As is the case with most first draft mocks, these visuals seemed to cause more problems than they solved. Ok, maybe that’s not a fair statement. The mocks didn’t cause problems, but they did serve as a platform for having a conversation around pricing. It’s one thing to discuss pricing and then write it down on paper. It’s another thing entirely to see it communicated visually because different people are going to interpret it differently. Visual mocks have a way of raising questions you thought had already been solved, and this case was no different. The mocks served as a tool for advancing our own internal discussion around what we wanted pricing to be.
After these discussions, this first draft mock was thrown away entirely and I started on a second pricing page that was more aligned with our organizational thinking around transparent pricing.
Getting Complicated Before it Gets Simple
After the first draft mock, many questions around pricing were raised. There was white boarding, discussions, meetings, and finally some consensus about how to proceed with another version of the page.
One of the biggest issues was how we wanted to display pricing. Because the software required an annual contract and was therefore billed annually, should we show the pricing as a flat, yearly number? That meant big numbers in the tens of thousands and some people inside the company were afraid that would scare off potential customers. So, one option was to break those numbers down into monthly pricing. “But wouldn’t that be slightly deceiving” some people asked, “because we weren’t actually billing you by month. Our whole ethos is clear, transparent pricing. So is showing a monthly pricing structure that is billed annually deviating from our mission of clear, transparent pricing?” Good question.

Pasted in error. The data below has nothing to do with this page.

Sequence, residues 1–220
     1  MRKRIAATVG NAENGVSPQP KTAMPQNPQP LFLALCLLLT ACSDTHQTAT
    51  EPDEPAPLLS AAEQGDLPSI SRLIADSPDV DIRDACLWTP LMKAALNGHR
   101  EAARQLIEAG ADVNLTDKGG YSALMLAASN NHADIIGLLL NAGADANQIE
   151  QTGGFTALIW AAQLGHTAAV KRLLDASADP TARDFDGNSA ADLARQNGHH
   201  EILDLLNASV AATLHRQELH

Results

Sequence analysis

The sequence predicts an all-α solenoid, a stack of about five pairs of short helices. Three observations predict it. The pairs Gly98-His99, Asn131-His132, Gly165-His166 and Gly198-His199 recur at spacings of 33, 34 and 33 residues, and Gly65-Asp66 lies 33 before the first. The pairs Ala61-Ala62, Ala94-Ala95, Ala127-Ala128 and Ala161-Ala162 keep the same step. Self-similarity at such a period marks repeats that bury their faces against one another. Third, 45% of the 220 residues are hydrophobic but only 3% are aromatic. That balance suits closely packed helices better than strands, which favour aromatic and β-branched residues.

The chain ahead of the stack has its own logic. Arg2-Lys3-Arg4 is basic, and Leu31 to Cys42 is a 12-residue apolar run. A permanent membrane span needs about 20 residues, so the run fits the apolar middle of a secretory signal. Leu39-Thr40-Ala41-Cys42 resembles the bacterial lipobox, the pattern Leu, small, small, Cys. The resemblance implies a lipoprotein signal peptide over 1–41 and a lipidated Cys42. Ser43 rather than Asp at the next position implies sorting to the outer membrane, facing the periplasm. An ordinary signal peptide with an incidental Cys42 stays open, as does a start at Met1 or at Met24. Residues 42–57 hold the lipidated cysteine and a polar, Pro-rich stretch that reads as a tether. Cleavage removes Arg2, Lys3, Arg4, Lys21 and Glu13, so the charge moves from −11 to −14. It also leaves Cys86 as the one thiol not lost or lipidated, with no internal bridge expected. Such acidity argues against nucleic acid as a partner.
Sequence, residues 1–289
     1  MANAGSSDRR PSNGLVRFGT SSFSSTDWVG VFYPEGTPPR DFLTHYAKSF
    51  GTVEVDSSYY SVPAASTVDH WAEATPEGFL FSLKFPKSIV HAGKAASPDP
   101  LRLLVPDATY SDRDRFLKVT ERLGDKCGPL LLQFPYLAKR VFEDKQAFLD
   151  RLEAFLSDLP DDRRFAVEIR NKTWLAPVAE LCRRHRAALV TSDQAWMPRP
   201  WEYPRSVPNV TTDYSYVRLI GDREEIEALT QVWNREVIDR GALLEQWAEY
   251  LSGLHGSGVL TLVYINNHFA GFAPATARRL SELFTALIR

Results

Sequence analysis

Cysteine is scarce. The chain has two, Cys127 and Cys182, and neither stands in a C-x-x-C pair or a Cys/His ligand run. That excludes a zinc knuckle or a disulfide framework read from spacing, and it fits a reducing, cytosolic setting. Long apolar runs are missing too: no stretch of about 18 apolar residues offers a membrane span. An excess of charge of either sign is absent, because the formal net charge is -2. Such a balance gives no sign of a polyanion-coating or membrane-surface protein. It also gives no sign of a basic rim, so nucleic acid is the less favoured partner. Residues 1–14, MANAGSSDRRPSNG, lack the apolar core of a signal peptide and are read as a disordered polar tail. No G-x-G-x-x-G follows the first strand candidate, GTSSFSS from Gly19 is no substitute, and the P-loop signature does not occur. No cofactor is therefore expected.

As is usually the case with organizational disagreements, we came up with a compromise. My task was to try and show both annual pricing and monthly pricing. It was like we were saying “ok here’s what it’s going to cost. We know, it’s a big number, so let us show you how that breaks down to a monthly cost.” And, as we had to learn once again from experience, compromises in meetings sound great but compromises in visual design are mostly just confusing. This is what I came back with: